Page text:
More than 40 local, district and provincial municipalities countrywide have benefitted from strategic sustainability partnerships in 2021/2 – not just improving waste collection and PET plastic recycling rates, but also creating much-needed income opportunities in the sector and helping develop South Africa’s circular economy.
One such drive involves the Zonda Insila Programme (ZIP) which was launched in Breyton in 2019 with only four projects and now boasts 14 projects supporting 240 community members spanning the Nkangala, Gert Sibande and Ehlanzeni district municipalities in Mpumalanga.
“With the level of interest shown and the growing number of informal waste pickers, there is no doubt that ZIP is encouraging more and more young people to shift their thinking towards waste as a form of potential income generation. To say waste is trash is outdated,” said ZIP coordinator Linah Duduzile Ndala.
For the past 17 years, South Africa’s most experienced plastic producer responsibility organisation (PRO), PETCO, together with its members, has been engaging with municipalities on sustainability programmes to improve effective waste management and recycling rates. Key among municipal waste management priorities is the diversion of waste that has value from landfills, as well as accommodating waste pickers in the recycling value chain.
“Waste is not trash, it is economy,” said Ndala. “The role of stakeholders like municipalities, PETCO and the province is very important because they need to take the lead.”
PETCO’s role in such municipal waste management partnership projects comes in the form of equipment provision and infrastructure support for waste pickers and buy-back centres – with the goal of incorporating waste pickers in the formal recycling sector – as well as training and skills development for municipal employees involved in waste management.
“Currently, there are very few municipal separation-at-source collection systems, so we work with interested municipalities to establish collection projects and expand PET collection into new areas,” said PETCO CEO Cheri Scholtz.
“This year so far, we have conducted 28 training workshops for 1 357 waste pickers in eight provinces, and a further three accredited business training workshops.
“We help grow sustainable businesses and sponsor infrastructure and equipment to unlock collections and improve the quantity and quality of post-consumer PET collected,” she said.
Municipalities are, by law, required to develop Integrated Waste Management Plans (IWMP) to drive the implementation of the National Waste Management Strategy. Although legislation requiring producer responsibility organisations (PROs) to co-operate with municipalities came into effect in November 2021, PETCO had been doing so since 2005.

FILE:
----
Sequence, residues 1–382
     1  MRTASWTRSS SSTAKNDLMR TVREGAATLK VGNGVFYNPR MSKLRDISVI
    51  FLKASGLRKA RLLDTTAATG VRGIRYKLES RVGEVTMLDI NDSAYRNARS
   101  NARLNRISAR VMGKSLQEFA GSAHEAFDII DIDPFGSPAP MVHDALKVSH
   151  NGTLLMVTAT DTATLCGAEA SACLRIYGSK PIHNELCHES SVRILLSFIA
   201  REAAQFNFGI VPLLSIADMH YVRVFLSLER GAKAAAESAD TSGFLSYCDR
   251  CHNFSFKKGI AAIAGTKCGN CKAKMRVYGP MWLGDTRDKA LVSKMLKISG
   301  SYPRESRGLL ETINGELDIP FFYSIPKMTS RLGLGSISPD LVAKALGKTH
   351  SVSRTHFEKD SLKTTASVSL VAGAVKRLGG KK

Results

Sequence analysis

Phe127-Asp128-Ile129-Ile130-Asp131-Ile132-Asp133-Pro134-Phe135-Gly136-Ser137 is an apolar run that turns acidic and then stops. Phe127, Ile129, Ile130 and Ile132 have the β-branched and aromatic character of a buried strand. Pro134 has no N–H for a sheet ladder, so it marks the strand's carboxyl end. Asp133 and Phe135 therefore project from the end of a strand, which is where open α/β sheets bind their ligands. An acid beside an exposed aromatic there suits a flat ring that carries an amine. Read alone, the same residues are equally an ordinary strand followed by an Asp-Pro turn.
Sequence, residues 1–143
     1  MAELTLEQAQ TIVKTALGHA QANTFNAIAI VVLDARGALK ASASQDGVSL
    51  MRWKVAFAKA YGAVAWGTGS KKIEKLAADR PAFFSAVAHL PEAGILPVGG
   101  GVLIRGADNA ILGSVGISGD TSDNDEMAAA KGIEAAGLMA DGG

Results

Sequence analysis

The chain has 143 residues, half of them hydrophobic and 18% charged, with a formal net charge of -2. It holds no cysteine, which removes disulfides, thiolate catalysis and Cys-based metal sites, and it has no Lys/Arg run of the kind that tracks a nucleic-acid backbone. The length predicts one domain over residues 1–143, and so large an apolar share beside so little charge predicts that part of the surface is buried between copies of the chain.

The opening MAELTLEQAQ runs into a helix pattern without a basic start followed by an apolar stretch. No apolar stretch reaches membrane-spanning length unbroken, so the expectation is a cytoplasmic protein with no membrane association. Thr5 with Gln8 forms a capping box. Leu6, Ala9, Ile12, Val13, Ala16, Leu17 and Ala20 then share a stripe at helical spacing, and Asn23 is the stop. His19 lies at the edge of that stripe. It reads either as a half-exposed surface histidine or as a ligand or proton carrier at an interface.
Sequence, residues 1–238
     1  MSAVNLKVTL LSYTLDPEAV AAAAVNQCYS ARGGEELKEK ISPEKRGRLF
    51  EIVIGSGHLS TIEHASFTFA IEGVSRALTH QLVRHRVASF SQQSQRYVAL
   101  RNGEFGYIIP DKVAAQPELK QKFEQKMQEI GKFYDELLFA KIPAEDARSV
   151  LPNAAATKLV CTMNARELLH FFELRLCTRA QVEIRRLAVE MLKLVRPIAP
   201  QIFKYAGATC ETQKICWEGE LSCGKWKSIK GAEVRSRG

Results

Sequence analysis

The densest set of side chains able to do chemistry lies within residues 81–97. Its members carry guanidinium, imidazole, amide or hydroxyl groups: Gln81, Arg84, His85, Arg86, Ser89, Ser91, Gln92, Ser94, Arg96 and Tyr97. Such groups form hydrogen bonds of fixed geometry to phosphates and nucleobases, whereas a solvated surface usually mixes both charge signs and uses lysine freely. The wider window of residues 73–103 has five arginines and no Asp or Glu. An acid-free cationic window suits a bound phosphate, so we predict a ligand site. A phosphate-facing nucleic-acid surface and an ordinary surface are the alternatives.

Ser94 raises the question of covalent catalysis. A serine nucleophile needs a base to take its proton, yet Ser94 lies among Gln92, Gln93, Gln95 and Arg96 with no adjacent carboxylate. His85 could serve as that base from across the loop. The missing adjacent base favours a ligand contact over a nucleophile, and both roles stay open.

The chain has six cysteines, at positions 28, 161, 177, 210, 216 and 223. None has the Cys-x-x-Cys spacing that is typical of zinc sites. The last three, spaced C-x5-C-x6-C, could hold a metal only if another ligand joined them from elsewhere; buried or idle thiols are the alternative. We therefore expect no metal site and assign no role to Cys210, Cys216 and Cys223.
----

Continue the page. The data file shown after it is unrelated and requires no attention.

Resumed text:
Another successful drive has seen the Drakenstein Municipality reaping the rewards of a recycling programme launched four years ago at the Wellington Landfill Site, with several success stories emanating from it.
According to Thys Serfontein, Senior Manager: Solid Waste and Landfill Management at Drakenstein Municipality, PETCO had been “amazingly supportive of this project right from the start and still are today”.
Drakenstein Municipality has been one of the first municipalities to successfully complete the “integration of waste pickers into the formal waste industry at municipal level” – one of national government’s focus areas, Serfontein said.
“As soon as our Material Recovery Facility [MRF] and Refuse Transfer Station are fully functional in 2022/23, these wastepreneurs will be accommodated. They will be able to increase their production and it will also mean that approximately 50 tonnes less material will reach the landfill site,” said Serfontein.
PETCO CEO Cheri Scholtz said waste pickers “play an important role in diverting waste from landfill and will play an increasingly valuable role in municipal waste collection systems and rolling out kerbside projects”.
“Their integration advances South Africa’s priorities such as job creation, poverty alleviation, environmental protection and economic transformation,” Scholtz said, adding that PETCO’s experience in working with the entire PET value chain made it qualified to assist municipalities with sustainability efforts.
“In the past year alone, PETCO and our partners ensured that 90 402 tonnes of post-consumer PET, which equates to 2.1 billion bottles, was collected for recycling, saving 560 495 cubic metres of municipal landfill space. A further R1.2 billion was injected into the national economy from the sale of recycled materials.”
Scholtz added: “The impact of partnerships on the recycling value chain cannot be underestimated, and collaboration is critical to ensuring that change can be implemented at a national scale.”
Plans are currently underway to assist a further 21 sustainability projects with equipment, branding and accredited training.
To collaborate with PETCO, please contact Belinda Booker: firstname.lastname@example.org